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15 May 2018, 11:40 PM MT, Butte, MT

My byline says I am in Butte. How did that happen? Butte wasn't even on my itinerary. Take a look at the map by clicking on the menu at the left. You see where I am. Note the big dip in the path. The path had been sort of straight across, but now the big dip.

Well, my plans got altered during the day. I had a delightful ride along a river or two with gorgeous scenery with the destination of Missoula in mind. Specifically Grizzly Harley-Davidson in Missoula. I wanted to get the oil and filter changed, and see why oil was coming out of my air filter, and to replace the radio if that worked out. As I have said, the radio is not that important, but I did need an oil change. I arrived there about 2:30 PM, it took that long to do the delightful and gorgeous ride along a river or two. But it was not to be. They could not change my oil and filter, they were too busy. Maybe I could come back tomorrow morning and if I was early enough in the line they could get to me. Most Harley dealers cater to travelers, they will almost always do a simple thing like change the oil. Well, I guess these guys don't. The service guy even said I would find the same problem at all the Harley dealers around, they were all too busy. Thumbs down to Grizzly Harley-Davidson.

I then checked my Harley app to find another dealer and saw that there was one in Butte, Copper Canyon Harley-Davidson, so I called and asked for service. I spoke with David Hicks who told me if I could get there in time, they could do the job for me. They close at 6:00 PM. It was 121 miles. It was 3:28 PM. I had to program my GPS so I could find them. I needed gas. I was off at 3:45 PM. I rode fast, and got there at 5:20 PM. You do the math. And they did the job. They also found that the reason for the oil coming from my air filter was that the oil had been overfilled at my last service, which was May 21. The air filter, which was replaced at the same service, was now trash. I really have to hand it to these guys, they know how to take care of you. Thanks very much David for taking such good care of me. As I was leaving I met the General Manager, Curtis Moen. I told him my story and how grateful I was to Copper Canyon and especially to David. No question I will call on you guys if I should find myself back in western Montana again.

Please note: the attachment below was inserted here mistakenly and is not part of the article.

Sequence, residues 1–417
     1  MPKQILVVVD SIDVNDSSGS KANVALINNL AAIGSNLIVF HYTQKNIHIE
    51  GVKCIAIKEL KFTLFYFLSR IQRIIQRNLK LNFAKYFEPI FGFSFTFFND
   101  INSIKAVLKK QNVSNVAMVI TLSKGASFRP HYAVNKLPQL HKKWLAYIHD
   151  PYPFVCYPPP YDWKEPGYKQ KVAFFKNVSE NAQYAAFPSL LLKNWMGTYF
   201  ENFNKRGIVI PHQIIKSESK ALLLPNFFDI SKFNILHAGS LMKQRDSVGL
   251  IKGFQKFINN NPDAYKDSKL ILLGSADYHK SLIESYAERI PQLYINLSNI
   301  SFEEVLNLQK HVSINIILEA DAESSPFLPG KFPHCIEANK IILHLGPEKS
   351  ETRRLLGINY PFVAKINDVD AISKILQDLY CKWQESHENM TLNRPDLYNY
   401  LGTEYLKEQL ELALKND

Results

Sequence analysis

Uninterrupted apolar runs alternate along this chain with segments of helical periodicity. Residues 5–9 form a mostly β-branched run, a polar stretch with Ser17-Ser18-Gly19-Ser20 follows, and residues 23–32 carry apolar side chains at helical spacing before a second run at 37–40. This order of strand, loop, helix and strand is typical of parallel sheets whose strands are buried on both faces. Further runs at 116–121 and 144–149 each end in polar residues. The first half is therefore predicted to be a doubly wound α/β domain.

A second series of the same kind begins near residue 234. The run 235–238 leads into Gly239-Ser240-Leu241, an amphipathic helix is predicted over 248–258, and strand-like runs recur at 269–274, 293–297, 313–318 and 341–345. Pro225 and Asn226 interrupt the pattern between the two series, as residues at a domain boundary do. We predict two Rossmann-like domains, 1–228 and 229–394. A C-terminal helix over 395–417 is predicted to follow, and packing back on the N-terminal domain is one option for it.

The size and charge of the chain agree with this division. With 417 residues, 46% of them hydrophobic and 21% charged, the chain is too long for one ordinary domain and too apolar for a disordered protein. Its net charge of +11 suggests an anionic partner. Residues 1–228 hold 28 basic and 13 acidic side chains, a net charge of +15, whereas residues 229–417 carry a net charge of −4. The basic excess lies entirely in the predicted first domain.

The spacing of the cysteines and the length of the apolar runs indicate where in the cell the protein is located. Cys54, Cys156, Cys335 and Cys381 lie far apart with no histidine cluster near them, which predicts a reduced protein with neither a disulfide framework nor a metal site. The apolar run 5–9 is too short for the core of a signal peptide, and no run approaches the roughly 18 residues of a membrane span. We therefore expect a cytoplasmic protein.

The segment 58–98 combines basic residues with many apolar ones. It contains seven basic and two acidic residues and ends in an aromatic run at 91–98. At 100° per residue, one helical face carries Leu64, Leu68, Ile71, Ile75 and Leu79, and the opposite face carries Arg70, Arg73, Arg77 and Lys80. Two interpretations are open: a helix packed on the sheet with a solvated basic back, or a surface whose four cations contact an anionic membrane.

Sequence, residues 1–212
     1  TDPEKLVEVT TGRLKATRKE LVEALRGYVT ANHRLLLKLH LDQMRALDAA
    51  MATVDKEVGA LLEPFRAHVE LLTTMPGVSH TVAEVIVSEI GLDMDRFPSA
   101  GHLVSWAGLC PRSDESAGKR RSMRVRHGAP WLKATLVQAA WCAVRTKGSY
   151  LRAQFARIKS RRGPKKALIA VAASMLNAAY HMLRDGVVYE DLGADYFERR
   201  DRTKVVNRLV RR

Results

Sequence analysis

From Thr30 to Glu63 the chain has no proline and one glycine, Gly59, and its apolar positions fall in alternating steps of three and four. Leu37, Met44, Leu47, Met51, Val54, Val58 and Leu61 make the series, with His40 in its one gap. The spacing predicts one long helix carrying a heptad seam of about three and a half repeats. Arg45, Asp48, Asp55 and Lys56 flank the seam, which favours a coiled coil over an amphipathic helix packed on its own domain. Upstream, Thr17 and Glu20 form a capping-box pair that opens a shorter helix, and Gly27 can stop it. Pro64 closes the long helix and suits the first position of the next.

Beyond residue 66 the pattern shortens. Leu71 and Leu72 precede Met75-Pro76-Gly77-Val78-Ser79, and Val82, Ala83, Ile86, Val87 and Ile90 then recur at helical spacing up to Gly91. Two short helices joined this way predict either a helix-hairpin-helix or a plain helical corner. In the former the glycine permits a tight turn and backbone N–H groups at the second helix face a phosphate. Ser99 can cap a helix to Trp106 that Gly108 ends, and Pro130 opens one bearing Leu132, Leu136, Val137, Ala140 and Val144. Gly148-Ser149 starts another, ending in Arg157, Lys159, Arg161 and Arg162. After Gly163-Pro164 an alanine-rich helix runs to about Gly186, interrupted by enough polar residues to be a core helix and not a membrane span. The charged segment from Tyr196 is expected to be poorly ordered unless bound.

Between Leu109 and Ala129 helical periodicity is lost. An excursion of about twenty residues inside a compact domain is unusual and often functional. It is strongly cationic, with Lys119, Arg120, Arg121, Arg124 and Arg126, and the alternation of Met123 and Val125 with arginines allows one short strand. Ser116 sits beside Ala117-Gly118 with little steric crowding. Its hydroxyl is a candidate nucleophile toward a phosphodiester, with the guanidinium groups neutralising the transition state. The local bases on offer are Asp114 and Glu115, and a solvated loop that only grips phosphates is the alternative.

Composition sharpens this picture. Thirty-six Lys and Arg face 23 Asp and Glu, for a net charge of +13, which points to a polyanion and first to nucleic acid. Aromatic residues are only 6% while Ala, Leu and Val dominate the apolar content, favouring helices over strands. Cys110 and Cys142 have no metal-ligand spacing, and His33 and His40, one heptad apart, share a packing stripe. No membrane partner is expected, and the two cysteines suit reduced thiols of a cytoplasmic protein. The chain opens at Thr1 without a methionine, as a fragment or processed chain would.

Here's my bright and shiny freshly washed bike in front of Copper Canyon Harley-Davidson.

Altogether today I rode 317 miles. And the total mileage on the bike, at this very moment, is 33,333 miles. What a nice round figure. The total for this ride so far is 4,758 miles.

I have a few pictures from the day, but not as many as I thought I would have. The scenery was the same virtually every mile today. (That is, except for the mad dash from Missoula to Butte, where I didn't have time to take a picture, I had to get to Butte.) A river on one side or the other of the road, with hills or mountains on both sides. After taking a couple of pictures, they are all the same after that. But I will show you some.

I was riding north on Idaho Highway 13 to reach US-12. Partway to US-12, I saw this sign and knew it was a warning, this road is not going to be the best road for an 18-wheeler to take. If you cannot read the sign, it says TRUCK TURNAROUND AHEAD.

Here's what it looked like where I had come from. There is the river beside the road. There are the hills or mountains on both sides.

About half an hour later I reached US-12. Shortly after, I saw this sign.

Makes Tail of the Dragon seem kind of small.

Here are some shots along US-12. The first two are from the same location, looking forward and then looking back.

And this is farther up the road. You can see what I said before, they are all similar, river and mountains. This picture is a little different, the water is rather turbulent.

Then I started climbing faster. There was a pull-out on the side of the road, I stopped, read the sign, and decided there was nothing I could do anyway, I did not have my chains with me.

By the way, I did had chains once upon a time. And I used them. But not on a bike.

This is the highest elevation I had today, 5,233 feet at Lolo Pass.

And that's all for today. I am still running about half a day behind my preliminary plan, but I am quite OK with that. My guess at the beginning was that I would have lost more than a day, maybe two, by this time.

And my radio is still dead. That will have to wait until I get back home.

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